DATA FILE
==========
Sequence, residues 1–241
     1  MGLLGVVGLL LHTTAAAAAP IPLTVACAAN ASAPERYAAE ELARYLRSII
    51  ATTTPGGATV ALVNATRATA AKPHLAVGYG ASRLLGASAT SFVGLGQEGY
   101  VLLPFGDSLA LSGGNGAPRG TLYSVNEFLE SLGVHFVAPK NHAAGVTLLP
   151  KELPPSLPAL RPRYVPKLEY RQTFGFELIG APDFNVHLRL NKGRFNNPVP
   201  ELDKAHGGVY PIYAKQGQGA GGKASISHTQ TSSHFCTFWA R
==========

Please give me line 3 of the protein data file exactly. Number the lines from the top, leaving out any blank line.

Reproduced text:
    51  ATTTPGGATV ALVNATRATA AKPHLAVGYG ASRLLGASAT SFVGLGQEGY